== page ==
I would like to make a pizza base that is similar to takeaway pizza, in other words a base that is quite thick, spongy, chewy and stretchy. Domino's and Papa Johns are examples of the kind of base, but most takeaway pizza places do something similar. The base is usually covered in quite a bit of cornmeal.

I have tried all sorts of ways, plain flour, strong bread flour, extra strong bread flour, more oil, less oil, drier dough, wetter dough etc. and I've have always kneaded well for at least 12 minutes. My base turns out soft but always comes apart really easily, far from the chewy and stretchy nature of a typical takeaway base.

I do not have a pizza oven, my oven can only reach a maximum of 250C.

So does anybody know the secret to a good takeaway style base?

  • Probably the pan has a lot to do with it, they cook them in pretty heavyweight iron skillets from what I've seen, no doubt with a fair bit of oil as lubrication, which will effect the crust formation.
    – Orbling
    Nov 29, 2010 at 21:03
  • One thing, I've found when making pizza base it to let it rise twice (like it was bread). Most pizza base recipes don't call for this, but i find it really helps, with making it more spongy Dec 1, 2013 at 9:02

1 Answer 1


For a chewy pizza base, use bread flour. Do not use oil. Bread flour has a higher protein content that will help gluten form. Gluten makes the connections that keep dough together. Fat inhibits gluten formation.

A recipe of just water, flour, salt, and yeast mixed, kneaded, allowed to rise until doubled, and then rolled out will get you what you want. Make sure to roll out quite thin. Preheat your oven absolutely as high as it goes with a stone inside. Put your toppings on maximum one minute before they go into the oven so that the sauce does not make your dough soft. Place pizza on preheated pizza stone - cooking time at high temperatures will be quite short (max 10 minutes).

  • 1
    Ah, I think adding oil is where I have been going wrong. Sugar also inhibits gluten formation apparently but salt strengthens it. That is according to McGee which for some reason I didn't think to consult first. I will do a test run soon and see how it goes and maybe get a stone. I have never seen a takeaway place use a stone, though, they just use thin pizza ovens and metal trays.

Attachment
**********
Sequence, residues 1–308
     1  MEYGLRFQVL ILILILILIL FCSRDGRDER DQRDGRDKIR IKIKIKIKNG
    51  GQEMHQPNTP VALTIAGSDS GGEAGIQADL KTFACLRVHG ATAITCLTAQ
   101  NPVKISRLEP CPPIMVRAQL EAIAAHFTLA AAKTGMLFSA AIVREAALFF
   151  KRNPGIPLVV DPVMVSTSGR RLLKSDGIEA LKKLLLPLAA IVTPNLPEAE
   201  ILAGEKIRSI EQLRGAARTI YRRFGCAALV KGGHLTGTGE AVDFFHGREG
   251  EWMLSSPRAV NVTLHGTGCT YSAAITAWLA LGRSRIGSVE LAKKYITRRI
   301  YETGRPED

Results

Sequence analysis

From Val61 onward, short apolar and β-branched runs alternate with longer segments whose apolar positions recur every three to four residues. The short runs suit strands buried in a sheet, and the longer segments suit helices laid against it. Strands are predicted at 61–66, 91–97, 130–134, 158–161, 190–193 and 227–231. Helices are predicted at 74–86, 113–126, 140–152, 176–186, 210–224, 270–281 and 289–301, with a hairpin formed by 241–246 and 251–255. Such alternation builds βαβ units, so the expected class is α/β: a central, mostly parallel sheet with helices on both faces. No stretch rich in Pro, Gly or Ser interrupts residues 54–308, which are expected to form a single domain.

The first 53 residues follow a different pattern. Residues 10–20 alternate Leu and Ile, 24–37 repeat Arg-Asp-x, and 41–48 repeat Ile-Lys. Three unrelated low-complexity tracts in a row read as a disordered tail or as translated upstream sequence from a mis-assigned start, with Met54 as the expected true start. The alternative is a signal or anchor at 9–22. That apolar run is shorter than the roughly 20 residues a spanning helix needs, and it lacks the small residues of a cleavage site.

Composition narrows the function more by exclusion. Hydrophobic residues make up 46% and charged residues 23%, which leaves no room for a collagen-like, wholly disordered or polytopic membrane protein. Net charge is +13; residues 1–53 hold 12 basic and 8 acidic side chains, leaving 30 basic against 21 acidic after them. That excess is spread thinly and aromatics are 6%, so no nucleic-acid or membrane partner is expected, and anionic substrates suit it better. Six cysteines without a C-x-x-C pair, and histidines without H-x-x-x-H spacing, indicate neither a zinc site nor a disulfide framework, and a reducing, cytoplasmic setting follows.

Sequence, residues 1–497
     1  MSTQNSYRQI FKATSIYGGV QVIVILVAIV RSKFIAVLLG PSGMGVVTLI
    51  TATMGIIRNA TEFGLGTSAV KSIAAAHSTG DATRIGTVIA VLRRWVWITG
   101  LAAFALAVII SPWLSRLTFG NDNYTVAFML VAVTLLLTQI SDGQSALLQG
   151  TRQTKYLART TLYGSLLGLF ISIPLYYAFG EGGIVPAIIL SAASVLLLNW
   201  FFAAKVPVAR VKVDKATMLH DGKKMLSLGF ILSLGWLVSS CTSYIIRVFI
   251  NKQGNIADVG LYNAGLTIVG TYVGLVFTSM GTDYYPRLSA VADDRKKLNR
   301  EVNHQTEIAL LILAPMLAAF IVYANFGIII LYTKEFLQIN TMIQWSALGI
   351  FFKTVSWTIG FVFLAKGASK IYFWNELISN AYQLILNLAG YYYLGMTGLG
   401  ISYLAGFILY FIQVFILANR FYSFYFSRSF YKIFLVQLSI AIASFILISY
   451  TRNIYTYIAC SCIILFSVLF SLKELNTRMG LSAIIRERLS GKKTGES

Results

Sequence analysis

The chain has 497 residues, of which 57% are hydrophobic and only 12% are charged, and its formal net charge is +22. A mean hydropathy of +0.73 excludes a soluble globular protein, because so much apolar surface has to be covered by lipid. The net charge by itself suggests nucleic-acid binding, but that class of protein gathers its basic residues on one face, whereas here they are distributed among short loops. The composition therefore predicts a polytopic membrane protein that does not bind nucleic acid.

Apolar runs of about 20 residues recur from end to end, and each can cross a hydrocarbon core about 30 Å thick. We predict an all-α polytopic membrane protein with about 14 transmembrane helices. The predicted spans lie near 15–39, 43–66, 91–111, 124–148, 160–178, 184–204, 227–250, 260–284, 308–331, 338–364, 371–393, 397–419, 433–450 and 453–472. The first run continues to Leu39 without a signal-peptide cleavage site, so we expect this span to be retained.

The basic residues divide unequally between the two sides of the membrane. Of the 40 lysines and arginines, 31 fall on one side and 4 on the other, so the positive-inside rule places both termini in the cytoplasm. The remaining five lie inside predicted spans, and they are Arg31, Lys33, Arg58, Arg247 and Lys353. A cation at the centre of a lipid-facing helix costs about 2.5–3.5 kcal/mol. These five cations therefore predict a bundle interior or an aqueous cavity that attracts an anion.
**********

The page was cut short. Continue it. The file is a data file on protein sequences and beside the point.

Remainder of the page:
– Borbus
    Nov 29, 2010 at 23:25
  • The stone is about increasing the heat potential of your domestic oven. It holds large amounts of heat if fully pre-warmed. It will release the heat into the cold pizza dough at a faster rate than a domestic over can heat. Having said that it never works well for me? I find a plain steel tray does the trick with the oven on MAX. I use a thin smear of olive oil to conduct the heat through the tray, and not cornmeal etc
    – TFD
    Nov 30, 2010 at 1:50
  • 1
    I just made my test base using just strong white bread flour, water, salt and (instant) yeast. About 3.5:1 flour:water by volume. Raised for 2 hours then rolled ball in cornmeal before flattening out. Cooked at highest temperature in thin metal tray and it turned out much closer to my goal than anything I've done before. I pre-baked it on its own for about 3 minutes before adding some cheese and tomato to the top (a sort of lazy pizza) and I brushed the exposed crust with some oil. It's not quite as chewy and stretchy as domino's but close enough for me. Thanks!
    – Borbus
    Nov 30, 2010 at 17:14
  • Actually, as I eat more while typing this it seems it gets more chewy as it cools and sweats a bit. Maybe the cardboard box that a takeaway is delivered in helps it...
    – Borbus
    Nov 30, 2010 at 17:15
  • @Borbus - thanks for the update and glad it worked. Good call on par-cooking. That would help the toppings not soften it up.
    – justkt
    Nov 30, 2010 at 17:36

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